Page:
A beautiful and articulate individual in the London scene of the 1960s, Marianne Faithfull was the product of her unusual background as the convent school-educated daughter of an English MI6 spy father and dancer mother from the Austro-Hungarian von Sacher-Masoch family.
Spotted, in 1964 at the age of 17, by The Rolling Stones’ manager Andrew Loog Oldham and finding herself only three months later a Top 10 pop star with her evocative reading of Jagger/Richards’ As Tears Go By – she has lived a wholly eventful life and produced a wide and varied catalogue of albums.
Beginning with the wistful folk and baroque pop of her mid-1960s work, Marianne ventured into darker territory in 1969 with Sister Morphine, a classic collaboration with Jagger/Richards which (as the b-side of her Something Better single) caused something of a controversy. Misinterpreted as a pro-drug song – when in reality it imagined a man in hospital dying after a car crash – the record was pulled from record shop shelves after two days.
The incident was emblematic of the way the newspapers unfairly vilified Marianne after the infamous bust at Keith Richards’ Redlands home in 1967. Hounded and cornered by the media, she admits now that she took solace in heroin, mistaking William Burroughs’ The Naked Lunch as something of a guide for life. “I took it absolutely for real,” Marianne laughs. “Later William said to me, ‘Marianne…that was fiction. It was not meant to be taken as a textbook of life and certainly not by you.’ I said, ‘Oh…’”
After a painful 1970s in which Marianne’s career was derailed by her personal difficulties, the singer made a spectacular return with her post-punk masterpiece, Broken English in 1979. Veering from the heartbreaking The Ballad Of Lucy Jordan to the enraged neo-reggae outbursts of Why D’Ya Do It, it was an album which found Marianne painting herself entirely in her own light and seizing absolute control of her creativity. Broken English was also the first Marianne Faithfull album to showcase her changed voice, which was variously described as “whisky-soaked” and “nicotine-stained”. In the wake of Broken English there followed a series of albums with standouts almost too numerous to list: the torch songs of experience that made up Strange Weather (1987), the dreamlike sonic scapes of the Angelo Badalamenti-produced A Secret Life (1995), the dramatic, masterful tribute to Kurt Weill in The Seven Deadly Sins (1998). Post the millennium, Marianne has worked with a new generation of artists to achieve her creative vision, including Beck, Jarvis Cocker and Billy Corgan on 2002’s Kissin Time, Damon Albarn, Nick Cave and PJ Harvey on 2005’s Before The Poison, and Antony Hegarty and Rufus Wainwright on Easy Come Easy Go in 2008. 2011’s Horses And High Heels was a stirring set of songs overseen by her friend and longstanding collaborator, US producer Hal Willner.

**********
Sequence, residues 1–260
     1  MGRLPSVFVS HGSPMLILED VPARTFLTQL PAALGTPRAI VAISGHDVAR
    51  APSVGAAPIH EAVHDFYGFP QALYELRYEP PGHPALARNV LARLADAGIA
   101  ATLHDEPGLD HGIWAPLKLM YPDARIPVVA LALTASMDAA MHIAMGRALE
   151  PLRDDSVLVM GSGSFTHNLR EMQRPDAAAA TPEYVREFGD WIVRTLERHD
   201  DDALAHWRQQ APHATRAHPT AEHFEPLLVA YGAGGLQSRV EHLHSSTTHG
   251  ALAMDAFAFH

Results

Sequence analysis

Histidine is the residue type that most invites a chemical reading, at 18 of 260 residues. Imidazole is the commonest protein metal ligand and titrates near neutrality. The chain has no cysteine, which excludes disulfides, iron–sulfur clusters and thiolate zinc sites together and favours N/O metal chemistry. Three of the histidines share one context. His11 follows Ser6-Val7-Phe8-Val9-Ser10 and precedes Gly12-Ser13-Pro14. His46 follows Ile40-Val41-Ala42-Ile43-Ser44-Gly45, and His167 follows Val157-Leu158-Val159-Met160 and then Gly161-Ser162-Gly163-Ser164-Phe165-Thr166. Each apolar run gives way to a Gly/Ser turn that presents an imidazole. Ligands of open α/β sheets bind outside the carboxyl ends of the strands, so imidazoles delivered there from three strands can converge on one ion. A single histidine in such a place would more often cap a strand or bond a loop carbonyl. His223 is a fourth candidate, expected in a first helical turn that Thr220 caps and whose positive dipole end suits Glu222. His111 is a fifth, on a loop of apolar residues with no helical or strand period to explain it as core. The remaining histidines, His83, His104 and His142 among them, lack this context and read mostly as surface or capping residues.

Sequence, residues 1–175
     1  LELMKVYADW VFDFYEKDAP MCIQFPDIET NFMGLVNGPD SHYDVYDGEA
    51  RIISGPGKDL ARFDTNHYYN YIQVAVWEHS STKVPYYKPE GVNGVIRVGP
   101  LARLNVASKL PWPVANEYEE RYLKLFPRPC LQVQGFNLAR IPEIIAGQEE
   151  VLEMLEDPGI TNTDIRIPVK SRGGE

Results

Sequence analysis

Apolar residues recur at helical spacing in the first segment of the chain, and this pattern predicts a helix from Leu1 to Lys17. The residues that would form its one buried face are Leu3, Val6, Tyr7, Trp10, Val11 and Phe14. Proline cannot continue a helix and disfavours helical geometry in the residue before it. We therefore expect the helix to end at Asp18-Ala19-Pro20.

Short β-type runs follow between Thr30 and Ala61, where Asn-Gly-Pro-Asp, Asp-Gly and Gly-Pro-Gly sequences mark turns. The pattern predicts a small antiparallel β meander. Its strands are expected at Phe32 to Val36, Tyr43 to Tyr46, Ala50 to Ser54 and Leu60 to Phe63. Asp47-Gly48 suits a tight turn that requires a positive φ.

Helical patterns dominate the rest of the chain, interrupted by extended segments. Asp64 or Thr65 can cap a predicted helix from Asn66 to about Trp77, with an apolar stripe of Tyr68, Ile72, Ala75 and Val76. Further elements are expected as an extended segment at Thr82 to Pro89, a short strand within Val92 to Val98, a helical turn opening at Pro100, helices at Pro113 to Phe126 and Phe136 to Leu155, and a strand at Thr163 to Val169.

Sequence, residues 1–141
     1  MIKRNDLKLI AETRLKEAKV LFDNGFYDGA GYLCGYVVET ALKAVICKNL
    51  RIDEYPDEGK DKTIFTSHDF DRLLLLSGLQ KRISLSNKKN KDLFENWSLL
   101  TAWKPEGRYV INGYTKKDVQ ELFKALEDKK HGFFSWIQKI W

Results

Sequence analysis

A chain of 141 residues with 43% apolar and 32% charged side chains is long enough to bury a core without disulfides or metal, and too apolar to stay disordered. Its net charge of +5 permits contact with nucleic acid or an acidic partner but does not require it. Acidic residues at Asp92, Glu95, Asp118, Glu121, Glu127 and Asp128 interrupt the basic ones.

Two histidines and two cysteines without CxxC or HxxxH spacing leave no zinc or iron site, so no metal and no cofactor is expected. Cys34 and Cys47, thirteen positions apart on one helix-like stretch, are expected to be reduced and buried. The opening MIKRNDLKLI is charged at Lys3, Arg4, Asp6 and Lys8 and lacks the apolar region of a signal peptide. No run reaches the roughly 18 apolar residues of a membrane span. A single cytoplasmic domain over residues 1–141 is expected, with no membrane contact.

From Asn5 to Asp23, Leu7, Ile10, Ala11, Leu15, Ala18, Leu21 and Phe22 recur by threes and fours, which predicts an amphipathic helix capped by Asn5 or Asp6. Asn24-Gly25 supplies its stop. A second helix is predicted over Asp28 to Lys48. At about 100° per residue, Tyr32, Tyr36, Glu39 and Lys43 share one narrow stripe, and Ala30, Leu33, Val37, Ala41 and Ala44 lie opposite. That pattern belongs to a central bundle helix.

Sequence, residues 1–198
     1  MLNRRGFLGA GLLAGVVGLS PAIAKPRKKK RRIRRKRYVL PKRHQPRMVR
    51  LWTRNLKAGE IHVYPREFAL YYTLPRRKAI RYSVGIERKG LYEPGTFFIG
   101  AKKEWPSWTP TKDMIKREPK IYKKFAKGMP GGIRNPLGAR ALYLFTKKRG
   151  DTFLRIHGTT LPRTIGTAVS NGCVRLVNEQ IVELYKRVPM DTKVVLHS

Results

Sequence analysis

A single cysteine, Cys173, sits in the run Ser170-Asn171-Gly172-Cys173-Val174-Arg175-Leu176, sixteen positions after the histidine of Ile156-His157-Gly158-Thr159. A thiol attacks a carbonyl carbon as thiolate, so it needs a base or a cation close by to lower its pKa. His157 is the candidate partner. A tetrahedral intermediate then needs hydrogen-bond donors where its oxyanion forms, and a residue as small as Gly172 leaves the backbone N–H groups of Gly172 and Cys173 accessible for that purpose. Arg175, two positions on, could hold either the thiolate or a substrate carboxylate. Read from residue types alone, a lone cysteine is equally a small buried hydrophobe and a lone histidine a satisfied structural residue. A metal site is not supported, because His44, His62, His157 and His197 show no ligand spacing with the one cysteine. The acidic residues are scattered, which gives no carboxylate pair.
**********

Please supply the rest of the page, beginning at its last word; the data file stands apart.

In 2014, the 50th anniversary of the beginning of her recording career, Marianne released Give My Love To London. Produced by Rob Ellis and Dimitri Tikovoi and mixed by Flood, it featured an impressive roll call of studio collaborators including Adrian Utley (Portishead), Brian Eno, Ed Harcourt and Warren Ellis & Jim Sclavunos (The Bad Seeds). Songwriting contributors and co-conspirators – with Marianne penning the majority of the lyrics – include Nick Cave, Roger Waters, Steve Earle, Tom McRae and Anna Calvi.
Give My Love To London was all the more extraordinary given that it was written in the aftermath of an accident Marianne suffered in summer 2013 in Los Angeles, breaking her sacrum bone in four places. As a result, she found herself laid up for six months recovering in Paris, with little else to do but write songs, giving her the longest period of pre-production she has enjoyed for any of her albums. Once the album was recorded Marianne took a short holiday, during which she fractured her hip resulting in emergency surgery….and a prolonged recovery due to theatre-induced infection. Despite the health complications Marianne returned to the stage for a world tour and was the subject of a luxury photo book Marianne Faithfull: A Life On Record edited by herself and Francois Ravard, published by Rizzoli, featuring iconic images of the singer by major photographers including Helmut Newton, David Bailey, Ellen Von Unwerth, Bruce Weber, Cecil Beaton and Robert Mapplethorpe.
‘Negative Capability’ is Marianne Faithfull’s 21st album and the most emotionally powerful of her 54-year recording career. Facing down arthritis and bolstered by collaborators including Warren Ellis, Nick Cave, Rob Ellis, Ed Harcourt and Mark Lanegan, ‘Negative Capability’ is charged with brutal honesty and autobiographical reflection as she addresses losing old friends, her loneliness living in her adopted city of Paris, and love.
Driven by her supernatural reinterpretative skills, florid lyricism, battle against the pain she lives with, and realised with her stellar group of musicians at La Frette studios near Paris, ‘Negative Capability’ is Marianne’s unflinchingly honest and relentlessly beautiful late-life masterpiece. The stark emotional heft, exquisitely framed by ornately sensitive musical backdrops can only be likened to the late-life works by Johnny Cash or Leonard Cohen.
Remarkably, at the same time as her music career, down the years Marianne Faithfull has enjoyed a parallel career as an actress, stretching from her 1967 debut in Chekhov’s Three Sisters and her acclaimed and haunting portrayal of Ophelia in Hamlet, through films including The Girl On The Motorcycle, Lucifer Rising, Marie Antoinette and Irina Palm. In addition, she has produced two candid, riveting autobiographies, Faithfull and Memories, Dreams and Reflections.